• If the argument is zero, then the result is a zero with the same sign as the argument.

Assume this works the same as the Java Math#asin function.

### acos Returns the arc cosine of a value; the returned angle is in the range 0.0 through pi.

Special case:

• If the argument is NaN or its absolute value is greater than 1, then the result is NaN.

Assume this works the same as the Java Math#acos function.

### atan Returns the arc tangent of a value; the returned angle is in the range `-pi/2` through `pi/2`.

Special cases:

• If the argument is NaN, then the result is `NaN`.
• If the argument is zero, then the result is a zero with the same sign as the argument.

Assume this works the same as the Java Math#atan function.

### atan2 Returns the angle theta from the conversion of rectangular coordinates `(x, y)` to polar coordinates `(r, theta)`. This method computes the phase theta by computing an arc tangent of `y/x` in the range of `-pi` to `pi`.

Special cases:

• If either argument is NaN, then the result is NaN.
• If the first argument is positive zero and the second argument is positive, or the first argument is positive and finite and the second argument is positive infinity, then the result is positive zero.
• If the first argument is negative zero and the second argument is positive, or the first argument is negative and finite and the second argument is positive infinity, then the result is negative zero.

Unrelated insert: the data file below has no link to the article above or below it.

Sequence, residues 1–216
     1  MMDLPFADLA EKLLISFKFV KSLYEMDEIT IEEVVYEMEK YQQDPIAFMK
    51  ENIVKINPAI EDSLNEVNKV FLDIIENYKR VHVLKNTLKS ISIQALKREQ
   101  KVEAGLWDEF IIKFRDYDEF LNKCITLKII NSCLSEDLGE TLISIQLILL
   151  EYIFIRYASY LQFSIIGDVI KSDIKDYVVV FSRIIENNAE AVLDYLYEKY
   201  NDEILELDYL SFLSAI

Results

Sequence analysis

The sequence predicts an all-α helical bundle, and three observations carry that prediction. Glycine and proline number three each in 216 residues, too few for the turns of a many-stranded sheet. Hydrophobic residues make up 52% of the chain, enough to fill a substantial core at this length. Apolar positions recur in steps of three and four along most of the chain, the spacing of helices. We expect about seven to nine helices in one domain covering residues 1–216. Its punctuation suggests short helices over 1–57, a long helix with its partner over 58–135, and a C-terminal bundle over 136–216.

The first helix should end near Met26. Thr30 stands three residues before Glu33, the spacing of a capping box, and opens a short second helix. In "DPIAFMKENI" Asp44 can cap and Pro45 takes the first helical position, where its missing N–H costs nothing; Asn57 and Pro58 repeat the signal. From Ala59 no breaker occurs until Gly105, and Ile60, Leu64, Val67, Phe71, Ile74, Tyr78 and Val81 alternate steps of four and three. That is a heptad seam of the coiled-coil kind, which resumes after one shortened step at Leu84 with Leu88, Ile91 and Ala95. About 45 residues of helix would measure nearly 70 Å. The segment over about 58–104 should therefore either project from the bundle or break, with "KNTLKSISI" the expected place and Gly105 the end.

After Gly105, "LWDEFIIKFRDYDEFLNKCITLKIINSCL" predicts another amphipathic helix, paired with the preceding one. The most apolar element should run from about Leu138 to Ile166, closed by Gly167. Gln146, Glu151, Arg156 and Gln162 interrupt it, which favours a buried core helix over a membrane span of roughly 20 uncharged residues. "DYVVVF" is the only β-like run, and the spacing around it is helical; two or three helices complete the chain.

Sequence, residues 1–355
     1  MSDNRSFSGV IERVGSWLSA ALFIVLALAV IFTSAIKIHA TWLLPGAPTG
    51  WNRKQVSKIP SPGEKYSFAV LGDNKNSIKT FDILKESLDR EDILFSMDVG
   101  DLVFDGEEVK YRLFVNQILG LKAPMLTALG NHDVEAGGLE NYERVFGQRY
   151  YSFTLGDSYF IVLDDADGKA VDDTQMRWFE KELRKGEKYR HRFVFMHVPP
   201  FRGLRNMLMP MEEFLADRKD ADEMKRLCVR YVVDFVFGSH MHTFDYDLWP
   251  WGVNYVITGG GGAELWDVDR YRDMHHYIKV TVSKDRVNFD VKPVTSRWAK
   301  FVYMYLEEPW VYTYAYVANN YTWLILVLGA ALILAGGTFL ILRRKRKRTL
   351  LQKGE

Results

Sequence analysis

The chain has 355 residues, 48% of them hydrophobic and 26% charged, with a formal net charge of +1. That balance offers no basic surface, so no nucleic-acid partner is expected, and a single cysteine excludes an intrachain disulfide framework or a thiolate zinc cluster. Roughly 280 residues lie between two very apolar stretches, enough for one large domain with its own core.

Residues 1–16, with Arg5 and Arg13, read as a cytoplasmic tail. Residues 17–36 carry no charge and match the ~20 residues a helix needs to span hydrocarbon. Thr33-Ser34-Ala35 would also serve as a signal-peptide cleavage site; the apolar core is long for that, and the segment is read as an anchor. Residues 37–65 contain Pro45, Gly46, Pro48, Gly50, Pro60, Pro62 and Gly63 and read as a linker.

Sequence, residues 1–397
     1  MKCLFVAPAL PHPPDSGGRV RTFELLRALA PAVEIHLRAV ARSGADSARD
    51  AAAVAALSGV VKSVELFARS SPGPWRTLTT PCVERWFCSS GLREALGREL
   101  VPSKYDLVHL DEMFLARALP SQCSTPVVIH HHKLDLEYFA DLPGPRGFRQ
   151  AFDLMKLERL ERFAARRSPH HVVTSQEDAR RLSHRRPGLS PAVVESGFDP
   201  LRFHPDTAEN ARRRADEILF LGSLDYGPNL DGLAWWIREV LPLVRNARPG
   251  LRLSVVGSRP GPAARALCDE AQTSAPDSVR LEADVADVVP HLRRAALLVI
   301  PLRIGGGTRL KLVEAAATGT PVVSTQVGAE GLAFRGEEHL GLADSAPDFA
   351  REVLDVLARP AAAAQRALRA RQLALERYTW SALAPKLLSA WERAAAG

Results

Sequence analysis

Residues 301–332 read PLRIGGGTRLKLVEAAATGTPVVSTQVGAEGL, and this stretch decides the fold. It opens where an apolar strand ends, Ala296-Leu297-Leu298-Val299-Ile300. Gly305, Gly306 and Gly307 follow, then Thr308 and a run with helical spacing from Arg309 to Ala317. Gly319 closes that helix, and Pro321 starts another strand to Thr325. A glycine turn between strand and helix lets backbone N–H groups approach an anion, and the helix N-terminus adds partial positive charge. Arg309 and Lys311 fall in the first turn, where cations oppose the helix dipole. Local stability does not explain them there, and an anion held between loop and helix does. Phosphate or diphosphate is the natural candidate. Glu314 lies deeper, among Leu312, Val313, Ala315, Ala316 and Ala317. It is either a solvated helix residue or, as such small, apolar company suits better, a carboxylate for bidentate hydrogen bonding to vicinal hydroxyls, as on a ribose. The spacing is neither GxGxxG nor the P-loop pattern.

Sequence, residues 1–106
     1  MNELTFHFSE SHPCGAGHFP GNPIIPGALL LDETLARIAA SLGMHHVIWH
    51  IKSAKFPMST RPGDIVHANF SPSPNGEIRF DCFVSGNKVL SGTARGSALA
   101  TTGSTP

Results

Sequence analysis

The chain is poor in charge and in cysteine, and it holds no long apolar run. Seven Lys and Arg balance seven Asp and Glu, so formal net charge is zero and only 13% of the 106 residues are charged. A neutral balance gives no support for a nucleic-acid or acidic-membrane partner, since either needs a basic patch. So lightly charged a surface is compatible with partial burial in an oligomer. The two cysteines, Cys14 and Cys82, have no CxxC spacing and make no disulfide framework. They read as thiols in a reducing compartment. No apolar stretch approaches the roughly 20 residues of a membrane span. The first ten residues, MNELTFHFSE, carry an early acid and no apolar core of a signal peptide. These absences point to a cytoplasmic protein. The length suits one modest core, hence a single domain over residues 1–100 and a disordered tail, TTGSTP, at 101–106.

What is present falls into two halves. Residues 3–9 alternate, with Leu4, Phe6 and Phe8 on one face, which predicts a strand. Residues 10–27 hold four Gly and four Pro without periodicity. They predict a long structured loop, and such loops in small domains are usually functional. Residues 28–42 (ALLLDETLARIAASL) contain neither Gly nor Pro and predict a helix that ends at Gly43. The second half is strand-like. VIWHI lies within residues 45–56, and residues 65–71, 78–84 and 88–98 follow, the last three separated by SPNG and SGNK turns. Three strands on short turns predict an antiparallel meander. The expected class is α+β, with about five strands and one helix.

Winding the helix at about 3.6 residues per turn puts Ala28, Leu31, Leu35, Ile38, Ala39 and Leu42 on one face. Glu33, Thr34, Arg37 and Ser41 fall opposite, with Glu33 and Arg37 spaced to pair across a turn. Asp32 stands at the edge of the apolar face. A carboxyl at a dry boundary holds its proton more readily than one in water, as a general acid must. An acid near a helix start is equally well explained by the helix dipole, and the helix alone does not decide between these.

• If the first argument is positive zero and the second argument is negative, or the first argument is positive and finite and the second argument is negative infinity, then the result is the double value closest to `pi`.
• If the first argument is negative zero and the second argument is negative, or the first argument is negative and finite and the second argument is negative infinity, then the result is the double value closest to `-pi`.
• If the first argument is positive and the second argument is positive zero or negative zero, or the first argument is positive infinity and the second argument is finite, then the result is the double value closest to `pi/2`.
• If the first argument is negative and the second argument is positive zero or negative zero, or the first argument is negative infinity and the second argument is finite, then the result is the double value closest to `-pi/2`.
• If both arguments are positive infinity, then the result is the double value closest to `pi/4`.
• If the first argument is positive infinity and the second argument is negative infinity, then the result is the double value closest to `3*pi/4`.
• If the first argument is negative infinity and the second argument is positive infinity, then the result is the double value closest to `-pi/4`.
• If both arguments are negative infinity, then the result is the double value closest to `-3*pi/4.`

Assume this works the same as the Java Math#atan2 function.

### deg